Haven't even touched it, but for those of you listening, Monster Hunter is really, really strongly focused on online. You can get a group of people together—I think four is the max, but I'm not sure, don't quote me on that—and you can do a number of quests which are available only online for lots of items which are only available online. You work as a team. There's all these different weapon types: there's lances, swords, guns. There's even an axe which transforms into a sword which then shoots lightening, which to me is like the ultimate weapon of all time.

[Laughter]

There's all kinds of stuff, and if you get a group together, everybody with their own unique gear, you can have all your bases covered: one person can be a healer, one can be a tank. It has a really, really strong online presence; I haven't tried it myself because I've been so involved in the offline, but it is there and I don't want to neglect mentioning that.

Chi Kong Lui: There's another 60 hours waiting for you right there, Brad.

Mike Bracken: 60? You'd probably play way more than that.

Brad Gallaway: Way, way more than that. I've talked to people who have played it for over 100 hours and they still feel like they're not done. But I will tell you guys, with respect to my personal time which is really limited and my review time and the other stuff I'm working on, I told myself that once I clear the offline quests, I'm done. I gotta just put it down and step away from it. If I don't, it'll totally suck away all my free time. I won't be able to get any reviews done; I won't be doing any writing; my child will go hungry; my wife will be neglected. Once I clear the offline, it's over. It's done.

Mike Bracken: Bracken is once again a cautionary tale.

[Laughter]

Tim Spaeth: I'm a bit flummoxed here, Brad, because for your monster-killing fun, didn't you have Demon's Souls? Didn't that scratch that itch? Is this scratching a different itch? To me, it seems like Demon's Souls from the way you described that game, was superior in every single way. I get that it's two different game systems, but after coming off Demon's Souls, it would seem to me like this would be too primitive for you.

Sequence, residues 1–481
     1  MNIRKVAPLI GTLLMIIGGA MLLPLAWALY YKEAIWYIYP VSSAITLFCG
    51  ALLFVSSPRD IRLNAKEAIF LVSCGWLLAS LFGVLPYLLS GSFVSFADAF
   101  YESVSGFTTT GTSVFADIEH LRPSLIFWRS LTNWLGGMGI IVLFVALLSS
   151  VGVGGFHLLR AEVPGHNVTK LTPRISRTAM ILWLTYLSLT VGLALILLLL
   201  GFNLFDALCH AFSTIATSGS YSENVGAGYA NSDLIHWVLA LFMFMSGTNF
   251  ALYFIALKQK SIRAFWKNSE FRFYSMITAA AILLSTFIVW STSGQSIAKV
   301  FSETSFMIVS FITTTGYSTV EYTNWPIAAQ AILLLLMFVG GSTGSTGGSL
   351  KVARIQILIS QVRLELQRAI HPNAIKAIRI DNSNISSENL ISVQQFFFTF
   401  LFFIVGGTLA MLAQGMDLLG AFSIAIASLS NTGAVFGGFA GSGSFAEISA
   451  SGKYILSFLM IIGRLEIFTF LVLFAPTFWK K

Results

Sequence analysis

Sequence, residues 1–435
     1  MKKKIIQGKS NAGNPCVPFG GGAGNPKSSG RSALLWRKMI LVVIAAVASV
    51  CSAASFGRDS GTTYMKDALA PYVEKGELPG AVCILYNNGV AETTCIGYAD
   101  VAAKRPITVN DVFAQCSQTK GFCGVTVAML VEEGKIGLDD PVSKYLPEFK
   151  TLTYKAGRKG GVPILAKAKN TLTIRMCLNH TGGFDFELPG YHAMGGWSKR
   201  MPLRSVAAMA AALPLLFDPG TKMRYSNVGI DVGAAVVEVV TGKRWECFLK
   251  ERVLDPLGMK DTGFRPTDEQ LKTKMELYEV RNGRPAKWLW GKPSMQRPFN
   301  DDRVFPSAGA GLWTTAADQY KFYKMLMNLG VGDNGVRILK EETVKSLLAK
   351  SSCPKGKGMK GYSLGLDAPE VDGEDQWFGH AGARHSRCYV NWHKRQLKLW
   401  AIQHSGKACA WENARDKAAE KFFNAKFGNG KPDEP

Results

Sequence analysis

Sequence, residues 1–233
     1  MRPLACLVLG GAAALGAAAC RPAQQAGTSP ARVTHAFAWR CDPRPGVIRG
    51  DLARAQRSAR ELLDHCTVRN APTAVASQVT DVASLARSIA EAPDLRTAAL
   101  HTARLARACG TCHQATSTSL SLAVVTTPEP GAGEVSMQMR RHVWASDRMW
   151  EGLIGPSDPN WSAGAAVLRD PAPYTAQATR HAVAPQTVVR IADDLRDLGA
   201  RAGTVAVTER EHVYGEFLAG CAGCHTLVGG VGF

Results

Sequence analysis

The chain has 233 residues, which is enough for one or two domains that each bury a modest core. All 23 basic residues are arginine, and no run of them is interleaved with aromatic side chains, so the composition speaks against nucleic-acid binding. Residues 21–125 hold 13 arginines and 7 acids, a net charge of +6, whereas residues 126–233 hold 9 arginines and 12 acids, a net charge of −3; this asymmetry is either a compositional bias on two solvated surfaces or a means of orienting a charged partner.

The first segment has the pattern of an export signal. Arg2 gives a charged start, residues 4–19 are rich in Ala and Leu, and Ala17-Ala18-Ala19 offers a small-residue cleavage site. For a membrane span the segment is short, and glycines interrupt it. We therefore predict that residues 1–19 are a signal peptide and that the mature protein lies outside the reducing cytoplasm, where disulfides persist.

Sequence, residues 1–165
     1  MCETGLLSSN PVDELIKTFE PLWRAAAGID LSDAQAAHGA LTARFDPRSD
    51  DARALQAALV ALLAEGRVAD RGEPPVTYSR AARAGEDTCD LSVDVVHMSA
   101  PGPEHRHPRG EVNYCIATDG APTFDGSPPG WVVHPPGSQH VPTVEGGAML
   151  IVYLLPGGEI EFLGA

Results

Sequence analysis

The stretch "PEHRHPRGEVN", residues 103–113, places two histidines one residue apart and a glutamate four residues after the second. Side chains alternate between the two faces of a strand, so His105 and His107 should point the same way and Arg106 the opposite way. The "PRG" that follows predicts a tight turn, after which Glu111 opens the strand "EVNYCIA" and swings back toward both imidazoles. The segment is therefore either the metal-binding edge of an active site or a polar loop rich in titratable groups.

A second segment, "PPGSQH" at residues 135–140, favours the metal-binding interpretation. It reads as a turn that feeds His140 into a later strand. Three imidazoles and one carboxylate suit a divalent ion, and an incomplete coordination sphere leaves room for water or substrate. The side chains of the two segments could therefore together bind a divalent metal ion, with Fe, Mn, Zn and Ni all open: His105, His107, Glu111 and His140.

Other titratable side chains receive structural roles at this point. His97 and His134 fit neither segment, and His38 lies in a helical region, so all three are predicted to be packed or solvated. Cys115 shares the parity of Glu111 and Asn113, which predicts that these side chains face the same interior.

Brad Gallaway: That's actually a really good point, Tim, and to be honest, Demon's Souls is superior to Monster Hunter in every way. There's nothing that Monster Hunter does that Demon's Souls doesn't do better, in terms of control, technically, in terms of design, in terms of atmosphere. Demon's Souls just kicks Monster Hunter's ass all over the place.

But I guess it's just more. I went through Demon's Souls two or three times; I saw pretty much everything there was to see. This is just different. It's a lot more primitive; it's a lot more crude; honestly, I think it's a lot more frustrating. I think Demon's Souls was an easier game to play. If you actually knew what you were doing, you could progress through the game a lot more quickly.

In Monster Hunter, it boils down to: How often do you get the drop you need? How often do you get the item you need? How long are you gonna grind? For me, it's a different focus, but I just like killing big monsters in general. And having tapped out Demon's Souls, this is just one more place to go to get that fix.

Chi Kong Lui: Demon's Souls isn't exactly killing T-Rexs and that big beast type of thing. There's bosses at the end of each stage but it's not the primary focus.

Brad Gallaway: Yeah. Yeah, that's very true.

Tim Spaeth: What is the official title of this game? What combination of words should I use? Monster Hunter 3 Tri hyphen?